The centerpiece of the meal is the Timpano, an Italian dish that is made only in the most special of circumstances. A huge pasta shell is filled with, as Hanson says, “all the good things on Earth,” like ham, sausage, multiple cheeses, tomatoes, bechamel sauce, more pasta — you get the idea. Hanson and staff crank out several Timpanos, and every year, it’s always a bit anxiety-inducing to see if the drum-like creation will hold its shape as it leaves the pan.
“We flip it over and start banging on the bottom of the pan with wooden spoons,” said Hanson. “It’s as much a feat of architecture as it is cooking. But then we roll it out on the cart and everyone goes ‘ooh’ and ‘ahh.’ We tried making mini timpanos one year, but it’s just not the same.”
The night before the dinner, the staff watches the movie, so the dialogue is fresh in their minds for the meal and they’re able to quote freely from it. During the dinner, Hanson regularly tells people to be on the lookout for Louis Prima — he promises he’ll show up eventually. In the movie, he never does, to the crushing disappointment of Primo and Secondo, who’ve bet it all on Prima’s recommendation.
Chris Luck, the regular Cleonice patron, believes that the movie and the reality of Cleonice are very similar, more than on just one night a year.
“I think [the movie is] a wonderful expression of love between these brothers, who are trying to educate the populace as to what real Italian cuisine is,” said Luck. “I think a lot of what Rich and Cary have done in Ellsworth is the same thing. They came into a town that had nothing like Cleonice. It was pretty daring. I think there’s a direct comparison to be made about their trying to expand the palates of Down East, and the brothers in ‘Big Night’ doing the same with New Jersey. That’s why it’s so special.”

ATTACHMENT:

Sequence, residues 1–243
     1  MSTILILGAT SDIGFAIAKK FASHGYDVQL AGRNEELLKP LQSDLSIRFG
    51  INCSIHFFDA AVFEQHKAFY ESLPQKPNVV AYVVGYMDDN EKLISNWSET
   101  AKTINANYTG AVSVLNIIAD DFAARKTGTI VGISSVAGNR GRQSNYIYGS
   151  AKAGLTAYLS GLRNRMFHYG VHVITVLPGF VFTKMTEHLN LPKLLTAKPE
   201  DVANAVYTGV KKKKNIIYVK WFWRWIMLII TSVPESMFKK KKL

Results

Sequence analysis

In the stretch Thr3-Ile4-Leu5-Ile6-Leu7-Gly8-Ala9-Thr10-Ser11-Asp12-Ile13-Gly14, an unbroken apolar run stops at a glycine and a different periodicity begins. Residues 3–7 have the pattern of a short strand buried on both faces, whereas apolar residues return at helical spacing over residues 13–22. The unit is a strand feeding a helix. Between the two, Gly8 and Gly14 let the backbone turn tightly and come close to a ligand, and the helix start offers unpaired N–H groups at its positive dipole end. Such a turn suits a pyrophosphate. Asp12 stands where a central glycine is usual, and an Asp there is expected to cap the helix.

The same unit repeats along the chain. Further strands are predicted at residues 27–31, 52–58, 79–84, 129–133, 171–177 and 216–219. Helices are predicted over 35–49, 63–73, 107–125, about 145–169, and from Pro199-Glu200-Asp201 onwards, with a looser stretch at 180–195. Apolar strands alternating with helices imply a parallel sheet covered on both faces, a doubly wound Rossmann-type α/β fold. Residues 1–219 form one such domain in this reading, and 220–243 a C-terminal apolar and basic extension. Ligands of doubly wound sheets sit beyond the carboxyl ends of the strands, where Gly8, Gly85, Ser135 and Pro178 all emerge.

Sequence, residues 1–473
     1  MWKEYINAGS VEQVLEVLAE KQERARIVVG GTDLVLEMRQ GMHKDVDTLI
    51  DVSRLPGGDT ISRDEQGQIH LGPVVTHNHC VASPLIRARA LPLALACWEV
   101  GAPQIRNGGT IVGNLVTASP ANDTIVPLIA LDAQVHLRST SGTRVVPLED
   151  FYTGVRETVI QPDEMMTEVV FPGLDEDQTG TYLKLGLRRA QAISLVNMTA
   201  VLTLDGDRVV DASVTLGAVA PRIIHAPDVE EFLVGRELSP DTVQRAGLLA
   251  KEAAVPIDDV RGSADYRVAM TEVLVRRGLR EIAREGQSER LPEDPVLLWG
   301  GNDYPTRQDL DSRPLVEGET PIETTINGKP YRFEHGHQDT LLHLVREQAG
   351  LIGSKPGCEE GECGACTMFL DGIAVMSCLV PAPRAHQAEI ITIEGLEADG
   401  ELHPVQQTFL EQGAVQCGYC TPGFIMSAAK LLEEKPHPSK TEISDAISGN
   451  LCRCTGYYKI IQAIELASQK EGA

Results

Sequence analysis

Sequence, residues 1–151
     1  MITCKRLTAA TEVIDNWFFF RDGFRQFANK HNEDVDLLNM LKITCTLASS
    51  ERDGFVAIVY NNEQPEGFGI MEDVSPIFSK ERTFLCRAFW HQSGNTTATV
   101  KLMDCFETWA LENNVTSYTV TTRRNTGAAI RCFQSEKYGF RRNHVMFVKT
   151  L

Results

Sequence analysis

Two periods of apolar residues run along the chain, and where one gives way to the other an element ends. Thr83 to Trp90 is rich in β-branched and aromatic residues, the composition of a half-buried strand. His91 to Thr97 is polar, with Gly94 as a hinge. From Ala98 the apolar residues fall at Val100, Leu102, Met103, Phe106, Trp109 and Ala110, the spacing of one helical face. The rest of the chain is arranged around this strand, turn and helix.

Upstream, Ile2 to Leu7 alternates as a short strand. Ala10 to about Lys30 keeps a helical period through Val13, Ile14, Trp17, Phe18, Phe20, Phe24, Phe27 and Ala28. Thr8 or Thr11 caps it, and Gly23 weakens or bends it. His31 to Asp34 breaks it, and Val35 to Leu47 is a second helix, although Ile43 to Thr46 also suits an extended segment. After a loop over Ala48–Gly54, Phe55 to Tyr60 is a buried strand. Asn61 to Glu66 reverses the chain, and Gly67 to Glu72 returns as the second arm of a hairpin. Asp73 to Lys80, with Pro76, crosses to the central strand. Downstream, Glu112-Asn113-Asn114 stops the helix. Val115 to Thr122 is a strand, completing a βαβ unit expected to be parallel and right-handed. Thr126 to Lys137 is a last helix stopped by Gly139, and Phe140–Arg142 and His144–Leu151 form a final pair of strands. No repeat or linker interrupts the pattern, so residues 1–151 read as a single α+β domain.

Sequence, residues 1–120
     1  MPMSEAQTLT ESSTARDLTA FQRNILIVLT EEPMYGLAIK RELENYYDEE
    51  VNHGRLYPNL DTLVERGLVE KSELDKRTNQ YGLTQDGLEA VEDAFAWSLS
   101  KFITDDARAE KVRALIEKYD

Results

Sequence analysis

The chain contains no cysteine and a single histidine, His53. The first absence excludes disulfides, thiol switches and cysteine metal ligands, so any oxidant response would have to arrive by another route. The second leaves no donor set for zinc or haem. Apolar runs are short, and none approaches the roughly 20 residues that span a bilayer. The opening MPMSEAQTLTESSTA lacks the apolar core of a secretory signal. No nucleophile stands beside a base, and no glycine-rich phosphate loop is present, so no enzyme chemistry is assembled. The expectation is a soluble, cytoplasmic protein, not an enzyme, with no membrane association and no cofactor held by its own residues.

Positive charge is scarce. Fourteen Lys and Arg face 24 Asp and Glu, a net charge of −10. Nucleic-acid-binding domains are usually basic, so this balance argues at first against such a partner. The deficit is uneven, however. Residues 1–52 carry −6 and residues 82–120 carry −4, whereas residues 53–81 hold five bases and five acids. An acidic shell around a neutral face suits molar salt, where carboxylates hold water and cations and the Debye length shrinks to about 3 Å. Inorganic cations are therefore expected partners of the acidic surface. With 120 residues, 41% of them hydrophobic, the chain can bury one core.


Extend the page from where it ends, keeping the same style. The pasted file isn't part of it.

Cleonice is located at 112 Main Street in downtown Ellsworth. To make a reservation, call 664-7554, or visit cleonice.com.
The big move, for Cleonice
If all goes as planned, this year will be the last year the “Big Night” dinner is offered at their current location at 112 Main Street. As of the beginning of 2012, Rich and Cary have taken over management of The Maine Grind, the coffee shop just up the street from Cleonice, located in the Old Mason Hall. By the summer, they hope to move Cleonice from its smaller location to the much bigger one at the Grind. Where the current spot can only seat about 80 diners, the new spot could double that.
“While we love our current space and have a lot of sentimental attachment to it, it’s just not big enough. There’s too many problems with it. We turn away as many people as we seat,” said Cary Hanson. “We’ll have so many more options by moving to the larger space at the Grind.”
In the meantime, the Hansons are still running the Grind as a coffee shop, though they have introduced new homemade soups and bakery items, as well as 44 North Coffee out of Deer Isle, to compliment their already popular usage of Rock City Coffee. They’re also in the midst of a Kickstarter campaign to raise funds to build a pizza oven at the Grind so they can begin offering artisan pizza to the Ellsworth area. As of 11 a.m. Tuesday, Jan. 31, they have raised over $6,000 of the $20,000 needed to build the oven and complete other renovations. There are nine days left for the campaign.
“We really like the fact that this is a way to really involve the community in what its downtown looks like, and what its options are for food and art and everything,” said Cary Hanson. “We’re committed to Ellsworth, and we want to be a permanent part of this community in an even bigger way.”